The human body just can't survive on raw fruits and vegetables for very long, and people were getting ill from such a diet if they managed to stay on it for more than a week or two. Most vegans are not so extreme anymore and try to do better--that whole "fruitarian movement" was entirely spiritual.


Yeah well unfortunately, that's still what a lot of people think vegetarians and vegans are.
 
2012-08-30 06:36:43 PM  
If being an elitist snob drives you to a healthier diet, then so be it.
 
2012-08-30 06:38:31 PM  

Mitch Taylor's Bro: I've also seen Food, Inc., Fast Food Nation, King Corn, etc. and am not super happy being a part of all that. But meat is tasty, tasty murder, so I'm still working out how to reconcile my love of animals with my love of eating animals.


Got a farmer's market? Head down there this Saturday, and buy some fresh, local, meat. It'll be a little more expensive and maybe not technically organic, but it will be much, much better than the factory farmed stuff, both ethically and flavorfully.
 
2012-08-30 06:38:37 PM  
A meat diet contributes a lot to global warming. And from my experience on fark the global warming folks definitely seem to feel superior to those who think it's not an issue. So...there you go.
 
2012-08-30 06:41:02 PM  

Rurouni: The LEAST douchy vegetarians I've met was in California. Threw a BBQ at their house, served grilled tofu and vegetarian hotdogs and chicken for everyone else. Encouraged everyone to eat whatever they liked.

The MOST douchy vegetarians? Hands down in Austin, Texas.


In California, we seem to be 50/50 between Conservative and Liberal. So we have gotten used to living with opposing sides. I would think the guy in Texas had a very big chip on his shoulder. Since Texas is such a bastion of meat eating.
 
2012-08-30 06:41:15 PM  

whidbey: Bullsh*t.


I gotta tell you, Whidbey makes a compelling well researched case there.

lulz
 
2012-08-30 06:42:02 PM  

ThrobblefootSpectre: And from my experience on fark the global warming folks definitely seem to feel superior to those who think it's not an issue


[cryingbabycollage.png]
 
2012-08-30 06:44:41 PM  
I was in my current job for nearly 2 years before my colleagues realised I was vegetarian - lunching together most days, socialising outside of work, no-one noticed. Mainly because I don't see why my dietary choices would be of any interest to anyone else so I just don't discuss it. I don't care what anyone else is eating, and even if I did, nagging isn't going to change anyone's mind. I just wish the particularly obnoxious type of person who whines about what I'm eating would shut the fark up. It's none of their damn business.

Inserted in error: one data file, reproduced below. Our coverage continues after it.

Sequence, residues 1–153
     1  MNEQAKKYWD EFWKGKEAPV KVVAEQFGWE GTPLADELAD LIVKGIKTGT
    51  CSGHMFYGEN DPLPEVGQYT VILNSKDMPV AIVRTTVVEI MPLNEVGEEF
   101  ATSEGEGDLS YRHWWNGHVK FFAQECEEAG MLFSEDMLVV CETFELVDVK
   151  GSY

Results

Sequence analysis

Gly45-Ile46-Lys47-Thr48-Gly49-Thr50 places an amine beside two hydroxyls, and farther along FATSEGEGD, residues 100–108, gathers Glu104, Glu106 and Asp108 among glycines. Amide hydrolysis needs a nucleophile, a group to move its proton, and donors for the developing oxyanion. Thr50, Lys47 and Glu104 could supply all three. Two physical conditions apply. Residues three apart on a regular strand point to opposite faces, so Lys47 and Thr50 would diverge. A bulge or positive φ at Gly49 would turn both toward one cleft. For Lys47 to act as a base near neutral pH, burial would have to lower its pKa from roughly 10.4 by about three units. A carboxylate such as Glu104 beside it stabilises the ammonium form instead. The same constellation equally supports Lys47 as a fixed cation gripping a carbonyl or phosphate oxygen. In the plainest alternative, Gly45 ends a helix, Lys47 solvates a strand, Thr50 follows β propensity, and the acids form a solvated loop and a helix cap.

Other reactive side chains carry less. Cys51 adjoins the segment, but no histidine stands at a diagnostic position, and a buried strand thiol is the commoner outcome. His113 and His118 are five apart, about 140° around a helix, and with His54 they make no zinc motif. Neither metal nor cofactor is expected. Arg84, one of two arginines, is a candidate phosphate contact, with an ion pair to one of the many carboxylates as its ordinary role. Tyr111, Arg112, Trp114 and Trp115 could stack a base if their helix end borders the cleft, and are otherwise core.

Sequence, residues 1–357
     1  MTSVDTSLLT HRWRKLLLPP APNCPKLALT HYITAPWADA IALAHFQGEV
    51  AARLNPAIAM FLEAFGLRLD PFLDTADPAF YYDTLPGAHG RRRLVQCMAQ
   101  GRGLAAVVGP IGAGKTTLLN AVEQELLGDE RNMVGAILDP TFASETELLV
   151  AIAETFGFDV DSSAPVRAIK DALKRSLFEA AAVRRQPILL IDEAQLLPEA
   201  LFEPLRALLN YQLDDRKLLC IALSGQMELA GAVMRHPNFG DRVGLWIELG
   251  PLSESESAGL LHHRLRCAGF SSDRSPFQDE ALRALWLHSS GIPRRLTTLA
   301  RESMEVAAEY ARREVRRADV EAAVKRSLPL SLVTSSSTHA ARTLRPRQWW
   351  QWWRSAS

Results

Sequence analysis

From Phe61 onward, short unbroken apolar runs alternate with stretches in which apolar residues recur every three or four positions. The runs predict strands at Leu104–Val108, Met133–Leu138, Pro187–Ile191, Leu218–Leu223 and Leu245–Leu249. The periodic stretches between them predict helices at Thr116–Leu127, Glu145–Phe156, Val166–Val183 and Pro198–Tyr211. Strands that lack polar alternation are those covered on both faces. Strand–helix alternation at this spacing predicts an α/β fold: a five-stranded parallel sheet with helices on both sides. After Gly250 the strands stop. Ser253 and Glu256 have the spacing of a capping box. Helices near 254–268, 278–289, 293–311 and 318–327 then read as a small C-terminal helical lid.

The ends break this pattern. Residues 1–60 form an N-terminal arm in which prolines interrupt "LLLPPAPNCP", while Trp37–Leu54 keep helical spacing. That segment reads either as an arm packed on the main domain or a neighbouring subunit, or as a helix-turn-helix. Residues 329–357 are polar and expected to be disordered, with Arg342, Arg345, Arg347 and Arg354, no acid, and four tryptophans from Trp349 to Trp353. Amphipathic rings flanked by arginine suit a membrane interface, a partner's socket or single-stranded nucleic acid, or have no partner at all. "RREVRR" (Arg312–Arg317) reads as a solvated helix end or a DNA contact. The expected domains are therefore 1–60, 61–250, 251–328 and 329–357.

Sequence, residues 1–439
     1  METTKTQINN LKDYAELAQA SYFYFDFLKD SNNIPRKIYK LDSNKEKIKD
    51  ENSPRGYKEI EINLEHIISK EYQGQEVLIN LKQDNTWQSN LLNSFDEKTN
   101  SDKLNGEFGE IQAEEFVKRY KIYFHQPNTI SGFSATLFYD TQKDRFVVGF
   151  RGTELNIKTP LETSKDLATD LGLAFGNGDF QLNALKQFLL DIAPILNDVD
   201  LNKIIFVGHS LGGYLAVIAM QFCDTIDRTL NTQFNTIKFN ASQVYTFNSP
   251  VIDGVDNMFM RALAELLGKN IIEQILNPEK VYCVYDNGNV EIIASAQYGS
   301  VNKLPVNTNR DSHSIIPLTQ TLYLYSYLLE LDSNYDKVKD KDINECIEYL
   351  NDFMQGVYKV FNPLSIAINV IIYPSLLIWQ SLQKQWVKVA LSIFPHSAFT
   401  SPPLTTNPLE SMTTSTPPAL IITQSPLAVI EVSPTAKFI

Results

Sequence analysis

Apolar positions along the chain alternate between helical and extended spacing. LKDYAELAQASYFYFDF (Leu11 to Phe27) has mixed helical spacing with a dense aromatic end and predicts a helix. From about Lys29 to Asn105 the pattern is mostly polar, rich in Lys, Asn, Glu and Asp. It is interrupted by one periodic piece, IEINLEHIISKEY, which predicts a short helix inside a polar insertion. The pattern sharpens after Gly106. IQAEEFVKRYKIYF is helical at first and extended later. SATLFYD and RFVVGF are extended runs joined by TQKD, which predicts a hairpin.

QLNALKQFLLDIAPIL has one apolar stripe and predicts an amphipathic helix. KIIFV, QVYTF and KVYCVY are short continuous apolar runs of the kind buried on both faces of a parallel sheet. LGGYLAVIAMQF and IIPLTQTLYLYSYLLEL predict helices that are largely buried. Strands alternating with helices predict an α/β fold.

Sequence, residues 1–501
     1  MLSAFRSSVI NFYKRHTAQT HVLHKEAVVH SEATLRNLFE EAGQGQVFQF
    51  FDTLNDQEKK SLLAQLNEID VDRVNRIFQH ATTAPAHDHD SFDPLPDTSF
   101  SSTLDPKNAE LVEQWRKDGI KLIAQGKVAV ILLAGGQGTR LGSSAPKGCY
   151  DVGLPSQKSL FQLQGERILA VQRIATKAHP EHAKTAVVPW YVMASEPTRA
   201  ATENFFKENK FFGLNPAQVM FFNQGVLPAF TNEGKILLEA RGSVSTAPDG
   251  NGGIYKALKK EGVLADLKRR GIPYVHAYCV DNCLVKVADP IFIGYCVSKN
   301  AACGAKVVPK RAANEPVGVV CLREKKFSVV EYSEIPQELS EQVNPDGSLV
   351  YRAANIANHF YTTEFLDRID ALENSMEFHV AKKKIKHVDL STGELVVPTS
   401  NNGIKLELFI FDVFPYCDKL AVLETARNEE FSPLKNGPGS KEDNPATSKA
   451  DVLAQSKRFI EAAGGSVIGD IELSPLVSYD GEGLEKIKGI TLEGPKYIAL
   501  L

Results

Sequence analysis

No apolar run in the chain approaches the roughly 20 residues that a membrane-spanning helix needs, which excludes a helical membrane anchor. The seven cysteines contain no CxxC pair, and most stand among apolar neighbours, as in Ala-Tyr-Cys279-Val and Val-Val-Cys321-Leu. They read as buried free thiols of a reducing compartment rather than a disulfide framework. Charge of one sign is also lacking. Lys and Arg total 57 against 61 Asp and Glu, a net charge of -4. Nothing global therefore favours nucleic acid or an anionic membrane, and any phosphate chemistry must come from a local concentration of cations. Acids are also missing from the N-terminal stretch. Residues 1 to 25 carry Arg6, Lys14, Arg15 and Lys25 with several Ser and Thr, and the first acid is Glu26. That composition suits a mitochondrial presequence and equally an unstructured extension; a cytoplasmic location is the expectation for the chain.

2012-08-30 06:45:03 PM  
i165.photobucket.com
 
2012-08-30 06:48:01 PM  

Spiralmonkey: . I just wish the particularly obnoxious type of person who whines about what I'm eating would shut the fark up. It's none of their damn business.


It actually is, when the entirety of a nation doesn't eat healthily, and as a result the costs of treating a malnourished population continue to increase.

Eventually this society is going to have to address the issue, and yes, it's going to be in the form of taxing unhealthy foods. I know that makes a lot of people mad, but I could care fark all if it does.
 
2012-08-30 06:51:31 PM  

whidbey: Eventually this society is going to have to address the issue, and yes, it's going to be in the form of taxing unhealthy foods. I know that makes a lot of people mad, but I could care fark all if it does.


I care that you don't care, but perhaps I love too much.
 
2012-08-30 06:53:37 PM  

residentgeek: Agent Smiths Laugh: residentgeek: In this thread:

[i.imgur.com image 333x500]

Just because we choose a path we perceive to be ethically better doesn't mean we seek to gainsay another's choices.

/I still love the smell of bacon
//don't want the diarrhea that comes with it

Perhaps, but I still argue that there is no actual ethical implication in human diet. To me, it is purely a matter of intellectual honesty in recognizing basic biology.

My body requires certain things, so I eat whatever provides those requirements, be it flora or fauna. Life eats life. I am alive therefore I eat life.

Subjectively, so long as I like the taste.

If you're willing to forego the sentience branch of the argument tree, ok. But the factory farming and degree of suffering that the animals we process for the dinner table go through is still a fact, and it's not a difficult thing to understand that some of us don't want a part in that.

But, as you say, life eats life. I'm a student of MIchael Pollan for the most part--we should be eating food more than anything else. That I am a little choosier about which bits of life I eat because of the sentience angle doesn't negate that, which is why I only make noise if someone tries to give me the runs by sneaking flesh into my salad. Or knocks down those scary strawmen upthread to look like a badass.


That depends on how you define sentience, a grey area in its own right. Are animals capable if feeling pain, seeking self-preservation, even emotive responses similar to our own? Yes. Are they sentient in terms of cognition and self-awareness as humans recognize it? Unknown.

I will say that I do believe in humane slaughtering methods. I feel it is moral to minimize suffering in humans and other animals. Thus if I am to eat something, I prefer that it is terminated in an efficient, fast, minimally painful manner. But I do not flinch from killing to eat.

Thus things like foie gras, and shark fin offend me for the unnecessarily cruel and wasteful manner of their production. This does give me some ethical qualms about how big industry handles food animals, and I like it when I see improvements in that regard.

At the end of the day, however, something must die so that I may live. I accept that.